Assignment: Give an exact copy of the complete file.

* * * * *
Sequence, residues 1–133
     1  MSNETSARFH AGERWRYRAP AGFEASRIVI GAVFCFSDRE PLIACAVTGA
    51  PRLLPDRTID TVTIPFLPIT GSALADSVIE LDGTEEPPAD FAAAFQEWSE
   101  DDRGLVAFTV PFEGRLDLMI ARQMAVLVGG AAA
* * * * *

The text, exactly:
Sequence, residues 1–133
     1  MSNETSARFH AGERWRYRAP AGFEASRIVI GAVFCFSDRE PLIACAVTGA
    51  PRLLPDRTID TVTIPFLPIT GSALADSVIE LDGTEEPPAD FAAAFQEWSE
   101  DDRGLVAFTV PFEGRLDLMI ARQMAVLVGG AAA